Though it wasn’t a vintage performance, CC Sabathia reminded everyone why he’s one of the best pitchers in the game last night, keeping the Rangers at bay over a two-run, six-inning performance, and extending the Yankees’ season by at least one more game. Regardless of what happens in this series, it was electrifying to see Sabathia put the team on his broad shoulders and limit the damage while the bats finally came alive, and I’m just glad there’s still more Yankee baseball to be played. Matt will have more later breaking down the critical sixth inning, but here’s an overall look at Sabathia’s outing.

Per Brooks, here’s a breakdown of what Sabathia threw:

Randomly, Sabathia threw the exact same number of four-seamers and sinkers that Burnett did on Tuesday, though being Sabathia he got more strikes with his fastball than Burnett did. On the postgame Michael Kay said he thought Sabathia’s fastball topped out at 93mph, but according to this data CC did get it up to 95mph, with an average speed of 93.… Click here to read the rest

Horse

I was wondering when the real 2010 Yankees were finally gonna show up.

The Yankees — riding a far-from-dominant but still-plenty-competitive outing by CC Sabathia — finally erupted on offense after a three-game stretch in which they scored only five runs, beating the Rangers 7-2 to stay alive for another game in the American League Championship Series.

Sabathia gave the team six innings of seven-strikeout, two-run ball, significantly managing to limit the damage despite giving up 11 Ranger hits. C.J. Wilson was much less sharp than he’d been in Game 1, allowing six runs (five earned) over six innings, walking four while striking out only two. While Wilson is a very talented pitcher, this was exactly the type of outing I expected the team with the best OBP in the league to have against the pitcher who walked the most batters in the league.

The Yankees got on the board early (for once), tagging Wilson for three in the second, as consecutive singles by Jorge Posada and Curtis Granderson scored Alex Rodriguez and Lance Berkman, who had drawn walks, and Posada himself.… Click here to read the rest

ALCS Game Five: Rangers 2, Yankees 7

The Yankees continued to pour it on in the bottom of the third.  Nick Swisher lead off the inning with a solo homer to left.  Robinson Cano then followed with his own homer, giving the Yankees a comfortable 5-0 lead.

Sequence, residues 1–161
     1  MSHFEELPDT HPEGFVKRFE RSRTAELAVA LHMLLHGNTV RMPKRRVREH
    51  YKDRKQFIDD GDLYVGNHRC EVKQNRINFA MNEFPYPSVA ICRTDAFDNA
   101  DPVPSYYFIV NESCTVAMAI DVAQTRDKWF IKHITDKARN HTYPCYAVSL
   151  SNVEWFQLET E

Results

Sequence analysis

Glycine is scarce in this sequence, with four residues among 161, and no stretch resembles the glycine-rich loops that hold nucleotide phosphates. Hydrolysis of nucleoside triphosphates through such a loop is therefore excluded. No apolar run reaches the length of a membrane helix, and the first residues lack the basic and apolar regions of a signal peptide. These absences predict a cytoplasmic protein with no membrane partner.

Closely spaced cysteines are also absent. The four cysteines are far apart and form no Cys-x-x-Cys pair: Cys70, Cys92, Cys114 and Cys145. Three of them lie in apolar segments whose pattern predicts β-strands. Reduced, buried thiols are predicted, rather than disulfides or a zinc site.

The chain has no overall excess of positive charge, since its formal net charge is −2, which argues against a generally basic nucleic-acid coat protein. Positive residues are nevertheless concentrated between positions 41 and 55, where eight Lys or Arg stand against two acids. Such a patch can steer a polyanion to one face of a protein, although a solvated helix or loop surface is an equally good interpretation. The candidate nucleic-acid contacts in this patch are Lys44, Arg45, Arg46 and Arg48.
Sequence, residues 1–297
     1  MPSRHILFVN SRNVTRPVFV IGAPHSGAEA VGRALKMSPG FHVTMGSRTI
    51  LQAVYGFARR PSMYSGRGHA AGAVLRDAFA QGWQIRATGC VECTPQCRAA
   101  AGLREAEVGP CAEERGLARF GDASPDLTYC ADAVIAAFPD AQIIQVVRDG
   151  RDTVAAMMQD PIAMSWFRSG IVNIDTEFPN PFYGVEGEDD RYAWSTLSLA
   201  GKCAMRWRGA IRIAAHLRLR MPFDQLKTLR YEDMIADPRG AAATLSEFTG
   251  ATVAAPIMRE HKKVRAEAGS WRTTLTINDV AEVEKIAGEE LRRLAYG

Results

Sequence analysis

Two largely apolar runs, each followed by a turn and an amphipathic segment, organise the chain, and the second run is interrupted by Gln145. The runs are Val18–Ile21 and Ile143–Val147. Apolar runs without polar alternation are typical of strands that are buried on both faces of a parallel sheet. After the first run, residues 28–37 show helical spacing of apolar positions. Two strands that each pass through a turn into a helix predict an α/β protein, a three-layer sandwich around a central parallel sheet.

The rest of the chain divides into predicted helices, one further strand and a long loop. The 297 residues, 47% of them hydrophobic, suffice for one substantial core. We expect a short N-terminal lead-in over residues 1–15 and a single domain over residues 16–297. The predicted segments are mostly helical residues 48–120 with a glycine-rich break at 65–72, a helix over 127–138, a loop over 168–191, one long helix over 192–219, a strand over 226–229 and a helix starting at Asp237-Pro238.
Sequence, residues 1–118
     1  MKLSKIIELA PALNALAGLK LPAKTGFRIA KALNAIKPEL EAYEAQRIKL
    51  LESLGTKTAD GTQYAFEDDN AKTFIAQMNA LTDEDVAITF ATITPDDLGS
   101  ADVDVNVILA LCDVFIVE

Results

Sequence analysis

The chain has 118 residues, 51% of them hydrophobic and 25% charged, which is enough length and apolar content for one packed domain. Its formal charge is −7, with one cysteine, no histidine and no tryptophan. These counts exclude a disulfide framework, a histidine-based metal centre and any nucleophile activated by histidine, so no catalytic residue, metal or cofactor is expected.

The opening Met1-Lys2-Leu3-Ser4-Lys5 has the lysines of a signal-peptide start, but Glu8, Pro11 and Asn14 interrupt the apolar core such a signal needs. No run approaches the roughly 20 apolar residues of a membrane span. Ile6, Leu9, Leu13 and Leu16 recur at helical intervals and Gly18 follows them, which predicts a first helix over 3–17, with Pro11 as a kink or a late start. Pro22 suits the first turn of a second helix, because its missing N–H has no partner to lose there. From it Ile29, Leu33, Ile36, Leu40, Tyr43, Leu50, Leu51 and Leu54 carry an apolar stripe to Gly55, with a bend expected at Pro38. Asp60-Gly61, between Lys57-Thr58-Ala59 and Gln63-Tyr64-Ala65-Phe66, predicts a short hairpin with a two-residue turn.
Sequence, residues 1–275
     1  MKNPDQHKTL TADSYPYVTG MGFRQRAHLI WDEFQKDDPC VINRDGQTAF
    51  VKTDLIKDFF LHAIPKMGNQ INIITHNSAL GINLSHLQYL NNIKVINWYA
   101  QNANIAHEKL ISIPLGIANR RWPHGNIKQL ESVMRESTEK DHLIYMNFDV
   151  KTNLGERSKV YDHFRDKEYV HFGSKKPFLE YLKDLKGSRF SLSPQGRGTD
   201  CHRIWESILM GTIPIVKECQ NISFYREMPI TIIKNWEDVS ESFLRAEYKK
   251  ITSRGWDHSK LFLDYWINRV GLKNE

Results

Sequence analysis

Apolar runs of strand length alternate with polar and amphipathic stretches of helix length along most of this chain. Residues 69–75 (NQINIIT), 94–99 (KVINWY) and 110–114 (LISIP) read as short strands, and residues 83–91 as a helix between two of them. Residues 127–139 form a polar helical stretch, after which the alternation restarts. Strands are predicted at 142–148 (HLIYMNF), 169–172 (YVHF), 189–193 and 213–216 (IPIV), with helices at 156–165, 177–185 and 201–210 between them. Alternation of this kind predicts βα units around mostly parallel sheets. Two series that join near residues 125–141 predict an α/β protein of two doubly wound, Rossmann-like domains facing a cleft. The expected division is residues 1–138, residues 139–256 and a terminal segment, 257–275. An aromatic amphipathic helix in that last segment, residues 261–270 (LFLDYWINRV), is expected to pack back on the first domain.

Sabathia, who was not his best, but was certainly solid, found himself in trouble in the fifth.  A solo homer by Matt Treanor gave the Rangers their first run of the game.  Mitch Moreland followed with a single and Sabathia struck out Elvis Andrus for the first out of the inning.  A single by Michael Young gave the Rangers two on with one out, but Sabathia got Josh Hamilton to ground into a double play, ending the inning.  The Yankees got the run back in the bottom of the inning.  Nick Swisher walked and found himself on third after Alex Rodriguez hit a ground-rule double.  Marcus Thames was intentionally walked and Berkman drove a sac fly to center, giving the Yankees a 6-1 lead.… Click here to read the rest

Changing The Narrative

“Still Life”.  No, not the painting, the Yanks. And not still alive as in still technically in the series.  Still alive as in still able to win this series.  From Yahoo Sports: “The [Yankees] team is more than capable of a comeback.”  The ESPN recap: “A difficult comeback? Yes. Impossible? No.”  No?  Well, maybe. This is nothing more than a description of where things stand when a series stands at 3 games to 2, but just to remind you, this is a much different narrative than the one we were reading this morning.  For example, Steve Politi this morning at nj.com: game 4 was “almost certainly the dramatic end to the 2010 season.”

The “Fighting Yanks”. From RAB: CC gave the Yanks “six hard-fought innings.” From Andrew Marchand at ESPN: “The Yankees live to fight another day. If they go out in the LCS, they aren’t going to go out lying down.”   The Philly Inquirer: the Yanks played “like 27-time world champions with their backs to the wall”.… Click here to read the rest